Saturday, October 27, 2018

DAY 87: A Princess Called Alix

She was an undeniably lovely woman, with a perfect face and figure; raised in fairly modest circumstances in Copenhagen, Denmark, until Prince Albert Edward appeared out of the blue and courted her in marriage. Alexandra of Denmark was only sixteen years old. Bertie was twenty-one. His mother, Queen Victoria, hoped marriage would settle him. 

Alix's youth and naivete seemed never really to leave her, regardless of age; whatever pain her marriage to the volatile prince may have caused, she rarely betrayed it. Kindness and inclusion were her enduring traits. She was an excellent friend to Jennie Churchill--a huge reason the breach between their husbands was healed. The two women, both pianists of the highest caliber, played duets together in the afternoons at Sandringham. 

It was Alix who recruited Jennie to study portrait-painting with a group of women at Marlborough House, unleashing Jennie's passion for the art. A similar love of painting would eventually seize Jennie's son, Winston.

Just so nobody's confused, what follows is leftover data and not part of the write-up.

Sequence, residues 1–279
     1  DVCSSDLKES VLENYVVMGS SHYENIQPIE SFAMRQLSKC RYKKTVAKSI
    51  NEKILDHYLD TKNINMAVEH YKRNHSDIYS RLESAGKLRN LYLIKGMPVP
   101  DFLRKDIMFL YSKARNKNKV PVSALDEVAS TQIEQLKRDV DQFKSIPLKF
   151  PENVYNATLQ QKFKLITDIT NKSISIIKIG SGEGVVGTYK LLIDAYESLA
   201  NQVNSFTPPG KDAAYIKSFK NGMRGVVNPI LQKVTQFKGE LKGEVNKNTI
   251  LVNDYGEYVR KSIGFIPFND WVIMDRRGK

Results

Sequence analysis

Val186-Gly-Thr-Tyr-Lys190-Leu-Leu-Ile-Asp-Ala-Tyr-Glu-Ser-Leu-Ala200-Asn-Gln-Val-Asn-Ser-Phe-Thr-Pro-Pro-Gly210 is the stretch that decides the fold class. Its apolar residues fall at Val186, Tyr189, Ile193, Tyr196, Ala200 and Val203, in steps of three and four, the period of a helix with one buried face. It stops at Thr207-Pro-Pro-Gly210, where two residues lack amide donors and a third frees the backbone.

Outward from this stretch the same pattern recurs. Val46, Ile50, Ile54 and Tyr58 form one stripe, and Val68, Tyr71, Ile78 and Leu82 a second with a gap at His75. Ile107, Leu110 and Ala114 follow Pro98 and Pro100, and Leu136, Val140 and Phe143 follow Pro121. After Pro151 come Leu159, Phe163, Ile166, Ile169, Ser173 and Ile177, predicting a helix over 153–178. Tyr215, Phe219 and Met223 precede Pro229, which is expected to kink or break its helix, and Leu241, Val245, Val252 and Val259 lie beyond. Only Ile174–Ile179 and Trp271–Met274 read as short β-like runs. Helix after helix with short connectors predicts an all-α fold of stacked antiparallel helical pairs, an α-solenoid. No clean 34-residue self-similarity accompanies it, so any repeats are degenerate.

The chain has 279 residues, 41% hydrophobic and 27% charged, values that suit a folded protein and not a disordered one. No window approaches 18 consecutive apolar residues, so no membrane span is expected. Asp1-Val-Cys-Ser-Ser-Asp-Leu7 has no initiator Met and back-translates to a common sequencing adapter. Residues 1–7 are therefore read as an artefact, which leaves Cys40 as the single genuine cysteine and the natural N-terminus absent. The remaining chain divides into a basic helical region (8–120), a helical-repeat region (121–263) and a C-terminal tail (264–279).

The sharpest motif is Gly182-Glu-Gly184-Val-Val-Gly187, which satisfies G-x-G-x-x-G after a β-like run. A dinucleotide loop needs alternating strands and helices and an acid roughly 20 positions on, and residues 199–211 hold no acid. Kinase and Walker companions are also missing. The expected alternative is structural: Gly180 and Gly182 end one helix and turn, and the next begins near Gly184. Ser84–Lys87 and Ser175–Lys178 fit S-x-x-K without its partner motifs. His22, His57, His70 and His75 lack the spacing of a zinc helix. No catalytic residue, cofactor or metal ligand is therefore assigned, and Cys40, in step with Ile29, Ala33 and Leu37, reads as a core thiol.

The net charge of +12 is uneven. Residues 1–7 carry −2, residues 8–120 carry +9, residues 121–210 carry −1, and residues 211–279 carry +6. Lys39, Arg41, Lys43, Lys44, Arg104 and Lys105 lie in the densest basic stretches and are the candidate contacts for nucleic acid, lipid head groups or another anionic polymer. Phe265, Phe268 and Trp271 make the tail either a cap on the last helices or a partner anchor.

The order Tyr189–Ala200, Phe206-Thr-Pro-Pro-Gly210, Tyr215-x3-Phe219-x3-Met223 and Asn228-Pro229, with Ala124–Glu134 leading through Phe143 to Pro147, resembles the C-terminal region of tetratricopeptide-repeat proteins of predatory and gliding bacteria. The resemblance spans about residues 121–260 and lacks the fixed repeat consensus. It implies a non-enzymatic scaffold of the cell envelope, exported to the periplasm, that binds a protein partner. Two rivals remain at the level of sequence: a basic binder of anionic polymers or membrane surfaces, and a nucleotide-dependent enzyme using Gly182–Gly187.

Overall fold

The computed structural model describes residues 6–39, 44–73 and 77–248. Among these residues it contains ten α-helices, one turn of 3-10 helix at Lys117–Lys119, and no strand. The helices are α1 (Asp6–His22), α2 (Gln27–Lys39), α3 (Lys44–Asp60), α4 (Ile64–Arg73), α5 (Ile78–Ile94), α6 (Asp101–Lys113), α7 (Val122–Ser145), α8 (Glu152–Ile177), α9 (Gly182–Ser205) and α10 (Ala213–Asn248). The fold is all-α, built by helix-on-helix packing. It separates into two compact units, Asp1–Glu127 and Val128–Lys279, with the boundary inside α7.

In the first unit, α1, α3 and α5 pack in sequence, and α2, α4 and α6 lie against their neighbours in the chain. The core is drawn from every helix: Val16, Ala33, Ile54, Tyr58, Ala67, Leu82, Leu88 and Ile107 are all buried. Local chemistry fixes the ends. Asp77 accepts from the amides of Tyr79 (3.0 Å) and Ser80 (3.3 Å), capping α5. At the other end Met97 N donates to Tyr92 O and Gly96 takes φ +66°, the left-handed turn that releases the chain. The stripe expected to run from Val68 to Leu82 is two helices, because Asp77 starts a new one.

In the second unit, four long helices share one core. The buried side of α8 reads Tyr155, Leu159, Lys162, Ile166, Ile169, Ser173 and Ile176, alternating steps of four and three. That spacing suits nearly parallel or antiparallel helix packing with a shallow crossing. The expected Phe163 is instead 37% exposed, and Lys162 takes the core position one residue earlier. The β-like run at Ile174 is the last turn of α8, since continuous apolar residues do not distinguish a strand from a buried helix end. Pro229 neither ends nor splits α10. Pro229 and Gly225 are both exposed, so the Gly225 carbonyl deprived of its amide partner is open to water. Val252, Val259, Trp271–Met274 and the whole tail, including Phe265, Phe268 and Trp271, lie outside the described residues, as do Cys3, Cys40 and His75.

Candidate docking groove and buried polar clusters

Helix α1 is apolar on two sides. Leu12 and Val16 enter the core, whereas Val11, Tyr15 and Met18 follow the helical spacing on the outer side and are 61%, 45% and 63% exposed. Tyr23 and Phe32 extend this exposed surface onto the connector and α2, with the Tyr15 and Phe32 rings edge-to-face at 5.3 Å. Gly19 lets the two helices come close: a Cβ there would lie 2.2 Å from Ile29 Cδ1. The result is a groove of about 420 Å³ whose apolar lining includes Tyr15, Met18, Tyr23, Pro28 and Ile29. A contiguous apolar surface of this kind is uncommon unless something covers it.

The Princess's music room was ruled by her beloved grey parrot. Here she is with it perched on her walking stick.

The Princess of Wales was a major influence on the fashion of her day. The high, close-fitted collars she wore, both fabric and jeweled, became ubiquitous in Society. It was rumored they masked a significant scar or burn on her swanlike neck which only Bertie had ever seen. Alix was also afflicted with an unexplained chronic condition that caused stiffness, semi-paralysis, and pain in her legs, as well as increasingly deafness. By her mid-thirties, she was almost profoundly deaf, a secret to most of her British subjects, although recognized by her friends.

Alix's younger sister, Minnie (who was known as Dagmar of Denmark and then Maria Feodorovna after her marriage to Alexander of Russia), eventually became the Russian Czarina, and mother of the doomed Nicholas II. Alix adored Minnie and invited her often to visit in England.  The two sisters liked to dress identically, which was known at the time as "twinning." Here they are--Alix is on the right.

For more images from THAT CHURCHILL WOMAN, visit the  Pinterest board behind the novel.

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